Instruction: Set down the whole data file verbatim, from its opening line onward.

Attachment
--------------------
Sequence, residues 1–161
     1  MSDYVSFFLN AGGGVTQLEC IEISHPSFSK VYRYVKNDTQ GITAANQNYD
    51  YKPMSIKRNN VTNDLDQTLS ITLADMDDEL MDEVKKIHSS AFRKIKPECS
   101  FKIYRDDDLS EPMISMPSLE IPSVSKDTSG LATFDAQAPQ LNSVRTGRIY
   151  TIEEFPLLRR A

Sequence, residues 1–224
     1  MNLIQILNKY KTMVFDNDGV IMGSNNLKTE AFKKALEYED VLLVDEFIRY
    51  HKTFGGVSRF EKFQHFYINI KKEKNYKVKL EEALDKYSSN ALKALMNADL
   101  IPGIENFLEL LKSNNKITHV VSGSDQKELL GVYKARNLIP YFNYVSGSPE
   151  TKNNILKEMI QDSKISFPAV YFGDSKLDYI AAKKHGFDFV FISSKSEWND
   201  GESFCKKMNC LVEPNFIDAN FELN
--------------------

Sequence, residues 1–161
     1  MSDYVSFFLN AGGGVTQLEC IEISHPSFSK VYRYVKNDTQ GITAANQNYD
    51  YKPMSIKRNN VTNDLDQTLS ITLADMDDEL MDEVKKIHSS AFRKIKPECS
   101  FKIYRDDDLS EPMISMPSLE IPSVSKDTSG LATFDAQAPQ LNSVRTGRIY
   151  TIEEFPLLRR A

Sequence, residues 1–224
     1  MNLIQILNKY KTMVFDNDGV IMGSNNLKTE AFKKALEYED VLLVDEFIRY
    51  HKTFGGVSRF EKFQHFYINI KKEKNYKVKL EEALDKYSSN ALKALMNADL
   101  IPGIENFLEL LKSNNKITHV VSGSDQKELL GVYKARNLIP YFNYVSGSPE
   151  TKNNILKEMI QDSKISFPAV YFGDSKLDYI AAKKHGFDFV FISSKSEWND
   201  GESFCKKMNC LVEPNFIDAN FELN